Remarks
Maria Otero
Under Secretary for Democracy and Global Affairs
Benjamin Franklin Room
Washington, DC
July 12, 2011


(As prepared for delivery)

Good evening, and welcome to the Diplomatic Reception Rooms of the State Department. It is a distinct honor to have you all here with us this evening.

I am Maria Otero, the Under Secretary of State for Democracy and Global Affairs, and I have the pleasure of serving as co-chair of the Open Government Partnership with Minister Jorge Hage of Brazil.

I should start by saying that Secretary Clinton was planning on being here tonight, but was called away to attend the funeral of our former First Lady Betty Ford. And since the Secretary counts ‘First Lady’ among her former titles, it was particularly important that she be there to honor the wonderful life of Mrs. Ford.

This morning, Secretary Clinton joined Brazil’s Foreign Minister, Antonio Patriota, in announcing a new multilateral initiative — The Open Government Partnership — which brings together governments and civil society organizations to improve governance in the 21st century.

Now, many in this room have just come from a full day of thought-provoking presentations and discussions on open government. But before I attempt the difficult task of summarizing such a dynamic day, let me take a step back and say a word about why we are here.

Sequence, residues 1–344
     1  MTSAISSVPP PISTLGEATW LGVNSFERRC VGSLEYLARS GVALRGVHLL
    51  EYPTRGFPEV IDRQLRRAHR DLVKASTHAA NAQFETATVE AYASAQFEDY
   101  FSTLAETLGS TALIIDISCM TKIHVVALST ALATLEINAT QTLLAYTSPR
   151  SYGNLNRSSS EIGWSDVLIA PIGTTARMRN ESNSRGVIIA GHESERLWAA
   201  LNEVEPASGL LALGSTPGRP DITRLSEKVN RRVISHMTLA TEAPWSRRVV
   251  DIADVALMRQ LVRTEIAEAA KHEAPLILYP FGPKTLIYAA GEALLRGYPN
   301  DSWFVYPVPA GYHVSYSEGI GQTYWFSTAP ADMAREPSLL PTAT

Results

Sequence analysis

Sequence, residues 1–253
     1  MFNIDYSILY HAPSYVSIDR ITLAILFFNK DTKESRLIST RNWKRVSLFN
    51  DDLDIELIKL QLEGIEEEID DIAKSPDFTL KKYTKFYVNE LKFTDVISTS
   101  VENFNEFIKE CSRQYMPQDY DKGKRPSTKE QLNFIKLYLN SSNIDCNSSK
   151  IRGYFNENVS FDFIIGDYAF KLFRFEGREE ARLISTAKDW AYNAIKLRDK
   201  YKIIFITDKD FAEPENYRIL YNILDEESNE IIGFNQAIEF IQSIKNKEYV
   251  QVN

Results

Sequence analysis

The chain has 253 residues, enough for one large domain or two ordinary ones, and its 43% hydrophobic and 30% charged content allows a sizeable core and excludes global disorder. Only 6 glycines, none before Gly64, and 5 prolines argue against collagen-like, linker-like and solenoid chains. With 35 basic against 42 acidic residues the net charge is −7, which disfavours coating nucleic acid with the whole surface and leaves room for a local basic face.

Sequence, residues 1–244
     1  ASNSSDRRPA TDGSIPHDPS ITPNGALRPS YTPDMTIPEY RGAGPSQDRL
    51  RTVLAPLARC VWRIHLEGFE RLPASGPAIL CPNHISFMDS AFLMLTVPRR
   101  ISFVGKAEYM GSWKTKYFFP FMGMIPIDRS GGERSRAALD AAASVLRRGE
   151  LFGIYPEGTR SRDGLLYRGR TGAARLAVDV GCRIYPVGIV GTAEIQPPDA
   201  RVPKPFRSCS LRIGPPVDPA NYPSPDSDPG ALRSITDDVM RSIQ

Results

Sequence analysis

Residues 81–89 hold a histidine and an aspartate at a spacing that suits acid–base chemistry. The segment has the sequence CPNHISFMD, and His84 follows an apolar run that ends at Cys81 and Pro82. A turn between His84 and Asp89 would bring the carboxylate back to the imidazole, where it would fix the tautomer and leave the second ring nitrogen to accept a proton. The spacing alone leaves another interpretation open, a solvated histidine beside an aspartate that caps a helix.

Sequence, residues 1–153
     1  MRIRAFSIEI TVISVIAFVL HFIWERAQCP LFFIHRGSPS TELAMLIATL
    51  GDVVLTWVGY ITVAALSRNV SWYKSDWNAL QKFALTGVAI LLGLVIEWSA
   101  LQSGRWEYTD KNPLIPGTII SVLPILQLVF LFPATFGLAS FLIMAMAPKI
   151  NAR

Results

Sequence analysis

There is no question that, in the 21st century, the tenants and aspirations of democracy are bolstered by the tools and technologies at our disposal. Communication technology and other innovations are knocking down the walls that once kept populations from reaching their elected officials and from influencing public discourse. Never before in the history of self government have we been quite so capable of enhancing transparency, increasing accountability, and promoting civic engagement. And governments around the world are responding in kind:

This morning, we heard about how the government of Iceland is using social media sites to engage citizens in the rewriting of their Constitution.

In Latvia, average citizens can propose ideas for consideration by Parliament, where innovation is translated into legislative reality.

Just last week, the government of Kenya moved bureaucratic mountains by launching a first class open data website. Brazil and South Africa are both pioneering innovative tools to promote budget transparency and foster citizen engagement in budget decision-making.